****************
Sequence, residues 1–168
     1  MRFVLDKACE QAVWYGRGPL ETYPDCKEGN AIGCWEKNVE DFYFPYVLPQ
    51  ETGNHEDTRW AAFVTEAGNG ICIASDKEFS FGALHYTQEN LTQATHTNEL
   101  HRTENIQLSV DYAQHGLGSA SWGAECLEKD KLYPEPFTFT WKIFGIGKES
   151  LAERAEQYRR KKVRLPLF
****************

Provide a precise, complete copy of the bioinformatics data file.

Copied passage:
Sequence, residues 1–168
     1  MRFVLDKACE QAVWYGRGPL ETYPDCKEGN AIGCWEKNVE DFYFPYVLPQ
    51  ETGNHEDTRW AAFVTEAGNG ICIASDKEFS FGALHYTQEN LTQATHTNEL
   101  HRTENIQLSV DYAQHGLGSA SWGAECLEKD KLYPEPFTFT WKIFGIGKES
   151  LAERAEQYRR KKVRLPLF